DC: Your career to me is pretty fascinating because most actors start in the horror genre and then go more mainstream when they achieve greater stardom. Do you feel like you’ve done the exact opposite, and do you think horror has gone more mainstream because of the success you’ve had and enjoyed?
TB: Do I think horror is more mainstream now? Yes, I do. I think the envelope is always being pushed further in terms of what can be put on screen, and I think that more people go to horror films now. The success of the Saw films… it bridges languages also. Saw is popular in the Far East; it’s popular in South America and all over Europe. Yeah, the whole thing about genre is it gets talked about a lot, but when actors become actors, you become an actor to play as many different kinds of characters as you can. Even with John Kramer or with Seth in Dark House, I’m always playing someone I try to bring some dimension to that’s not in the script necessarily. They don’t need me to play out exactly what impression the script creates. They need me to fill in this character and make him as multidimensional as all human beings are. No one is all one thing or something else. That’s one of the nice things about Dark House, that there’s some mystery as to who this guy is. That mystery pervades the film once you meet him, and I think there’s a really fascinating underlying story in this film about good and evil in the world. [Seth] is a working guy from the Deep South and he’s been around for thousands of years and he can look lots of different kinds of ways and if we ever do another one of these, he will.
DC: You mentioned how an actor is always looking for different roles to play. Is there still a type of role out there that you’d really like to try and play at some point?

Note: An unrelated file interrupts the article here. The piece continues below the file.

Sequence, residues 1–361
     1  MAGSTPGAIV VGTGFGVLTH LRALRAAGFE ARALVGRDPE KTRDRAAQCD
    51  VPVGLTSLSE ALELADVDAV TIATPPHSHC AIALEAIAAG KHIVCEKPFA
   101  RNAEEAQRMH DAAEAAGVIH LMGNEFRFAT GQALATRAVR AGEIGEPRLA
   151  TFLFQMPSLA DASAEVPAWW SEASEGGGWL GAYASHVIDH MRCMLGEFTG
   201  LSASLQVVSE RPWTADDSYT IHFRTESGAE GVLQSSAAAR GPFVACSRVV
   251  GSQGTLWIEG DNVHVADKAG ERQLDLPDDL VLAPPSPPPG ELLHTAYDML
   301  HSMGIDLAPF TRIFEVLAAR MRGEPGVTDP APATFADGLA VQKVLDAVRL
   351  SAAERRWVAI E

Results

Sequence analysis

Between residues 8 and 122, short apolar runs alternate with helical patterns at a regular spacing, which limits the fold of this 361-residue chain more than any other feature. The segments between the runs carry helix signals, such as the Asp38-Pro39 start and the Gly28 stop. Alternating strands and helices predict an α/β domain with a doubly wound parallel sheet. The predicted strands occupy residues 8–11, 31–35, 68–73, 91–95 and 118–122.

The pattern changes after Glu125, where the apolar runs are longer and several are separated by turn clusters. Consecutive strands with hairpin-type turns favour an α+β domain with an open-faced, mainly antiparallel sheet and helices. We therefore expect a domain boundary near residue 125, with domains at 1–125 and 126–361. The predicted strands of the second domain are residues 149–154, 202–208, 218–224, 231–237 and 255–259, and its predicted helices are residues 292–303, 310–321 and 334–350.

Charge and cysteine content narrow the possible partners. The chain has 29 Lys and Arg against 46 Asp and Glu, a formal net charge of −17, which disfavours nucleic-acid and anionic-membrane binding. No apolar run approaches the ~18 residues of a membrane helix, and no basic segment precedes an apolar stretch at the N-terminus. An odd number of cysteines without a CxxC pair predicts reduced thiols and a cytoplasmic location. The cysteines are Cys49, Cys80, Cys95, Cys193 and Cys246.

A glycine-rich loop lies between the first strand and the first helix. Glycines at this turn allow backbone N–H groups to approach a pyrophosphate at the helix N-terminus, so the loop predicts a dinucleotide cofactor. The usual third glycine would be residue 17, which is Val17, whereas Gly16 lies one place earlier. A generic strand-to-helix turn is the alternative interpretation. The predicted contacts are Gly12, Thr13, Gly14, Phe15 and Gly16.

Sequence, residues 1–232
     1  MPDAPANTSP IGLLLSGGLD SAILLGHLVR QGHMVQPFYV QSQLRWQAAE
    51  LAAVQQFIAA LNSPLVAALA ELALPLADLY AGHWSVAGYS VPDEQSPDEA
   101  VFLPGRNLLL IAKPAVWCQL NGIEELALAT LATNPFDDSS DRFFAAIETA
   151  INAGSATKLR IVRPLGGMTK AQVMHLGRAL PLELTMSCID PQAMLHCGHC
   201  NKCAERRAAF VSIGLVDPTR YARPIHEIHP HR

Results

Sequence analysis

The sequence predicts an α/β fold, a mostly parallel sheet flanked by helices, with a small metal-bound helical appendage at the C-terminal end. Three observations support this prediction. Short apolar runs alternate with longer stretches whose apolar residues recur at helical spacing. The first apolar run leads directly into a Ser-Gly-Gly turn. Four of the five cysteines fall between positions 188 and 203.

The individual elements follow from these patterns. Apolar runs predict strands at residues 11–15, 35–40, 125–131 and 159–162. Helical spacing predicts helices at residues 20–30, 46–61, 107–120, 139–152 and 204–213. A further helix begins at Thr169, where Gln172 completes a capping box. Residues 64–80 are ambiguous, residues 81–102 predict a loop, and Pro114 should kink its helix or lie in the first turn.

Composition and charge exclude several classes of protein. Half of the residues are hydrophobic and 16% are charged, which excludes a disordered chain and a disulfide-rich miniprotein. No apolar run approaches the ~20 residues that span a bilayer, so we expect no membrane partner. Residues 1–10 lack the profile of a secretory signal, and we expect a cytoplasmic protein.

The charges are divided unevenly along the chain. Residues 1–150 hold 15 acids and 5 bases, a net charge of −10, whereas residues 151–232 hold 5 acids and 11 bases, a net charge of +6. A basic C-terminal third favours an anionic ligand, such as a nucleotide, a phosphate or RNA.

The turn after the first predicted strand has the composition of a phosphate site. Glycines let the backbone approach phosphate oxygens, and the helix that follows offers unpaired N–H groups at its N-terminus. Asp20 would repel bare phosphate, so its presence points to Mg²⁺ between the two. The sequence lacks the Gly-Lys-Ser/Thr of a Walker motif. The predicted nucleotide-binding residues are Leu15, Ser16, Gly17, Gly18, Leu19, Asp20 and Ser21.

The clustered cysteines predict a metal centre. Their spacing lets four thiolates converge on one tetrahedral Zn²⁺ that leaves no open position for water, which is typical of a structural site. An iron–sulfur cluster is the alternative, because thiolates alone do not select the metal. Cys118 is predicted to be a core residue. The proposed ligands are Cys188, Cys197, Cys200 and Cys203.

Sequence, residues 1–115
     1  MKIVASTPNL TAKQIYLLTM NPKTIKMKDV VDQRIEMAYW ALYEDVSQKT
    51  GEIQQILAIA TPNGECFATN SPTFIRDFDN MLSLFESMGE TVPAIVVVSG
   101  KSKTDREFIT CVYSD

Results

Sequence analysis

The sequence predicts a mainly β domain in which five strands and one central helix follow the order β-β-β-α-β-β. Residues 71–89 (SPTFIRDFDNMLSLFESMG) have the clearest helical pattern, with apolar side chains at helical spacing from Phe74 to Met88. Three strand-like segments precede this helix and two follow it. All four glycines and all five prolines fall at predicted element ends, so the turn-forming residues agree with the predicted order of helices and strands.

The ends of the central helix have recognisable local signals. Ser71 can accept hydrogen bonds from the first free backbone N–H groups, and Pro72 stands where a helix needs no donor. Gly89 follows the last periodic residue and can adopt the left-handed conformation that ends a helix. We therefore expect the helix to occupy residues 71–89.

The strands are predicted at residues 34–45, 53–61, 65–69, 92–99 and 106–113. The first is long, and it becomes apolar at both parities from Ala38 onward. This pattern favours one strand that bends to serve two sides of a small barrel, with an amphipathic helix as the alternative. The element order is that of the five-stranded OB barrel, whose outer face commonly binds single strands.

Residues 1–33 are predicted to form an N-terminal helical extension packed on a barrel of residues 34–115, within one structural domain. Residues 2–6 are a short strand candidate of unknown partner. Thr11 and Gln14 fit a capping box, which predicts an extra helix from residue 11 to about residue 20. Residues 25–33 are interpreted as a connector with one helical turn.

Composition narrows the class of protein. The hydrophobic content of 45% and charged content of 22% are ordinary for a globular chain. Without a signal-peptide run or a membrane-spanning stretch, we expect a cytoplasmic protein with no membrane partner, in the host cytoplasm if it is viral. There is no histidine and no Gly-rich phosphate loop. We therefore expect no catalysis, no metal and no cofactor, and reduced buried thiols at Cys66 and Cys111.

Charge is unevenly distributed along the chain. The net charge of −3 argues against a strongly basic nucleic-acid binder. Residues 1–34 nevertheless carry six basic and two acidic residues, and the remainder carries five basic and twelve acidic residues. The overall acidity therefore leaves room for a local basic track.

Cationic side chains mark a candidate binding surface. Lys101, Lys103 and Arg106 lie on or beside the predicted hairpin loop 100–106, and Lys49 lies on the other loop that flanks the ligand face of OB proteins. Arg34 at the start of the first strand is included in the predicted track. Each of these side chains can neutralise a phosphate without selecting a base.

TB: Oh yeah, good question, Drew. I’m looking for the most complex people that I can find, and obviously it has a lot to do with the script. I don’t think I’ve actually done my best work yet. I think that playing John Kramer was a terrific opportunity and I was able to do some really great stuff with that guy and I very much appreciate that. And playing Seth, I felt the same way. I felt I was able to create another kind of character and another kind of texture. But what kind of character am I looking for? Someone who’s smart and sensitive and cares. He can still be powerful and edgy, but very often when you’re a powerful, edgy guy in a film, they don’t develop the other aspects of you. So I’m waiting to do the love scenes, ya know?
DC: Well, I will look forward to seeing you in some sex scenes in the future, and in the meantime, good luck with Dark House!
Dark House is now available on VOD and Blu-ray and hits theaters in NY and LA TODAY, March 14.
Dark House, which follows the terrifying road trip of a young man in search of his dark past, is the freshman effort of LA-based Charles Agron Productions. It is directed by Victor Salva, who co-wrote the script with producer Charles Agron, based on a story by Agron. In addition to producing the film and co-writing with Salva, Agron plays a lead role.
Along with Bell, up-and-coming young actor Luke Kleintank (“Pretty Little Liars,” 1000 to 1), Alex McKenna (“Crossing Jordan”, “Dallas”), Zack Ward (Postal), and multiple award-winner Lesley-Anne Down (“Upstairs/Downstairs”) star.
When Nick Di Santo learns that his father is not only alive but can possibly reveal the origin of his son’s dark gift, he sets out on a trip that takes him to an abandoned mansion he thought only existed in his childhood imagination.
– Behind-the-Scenes featurette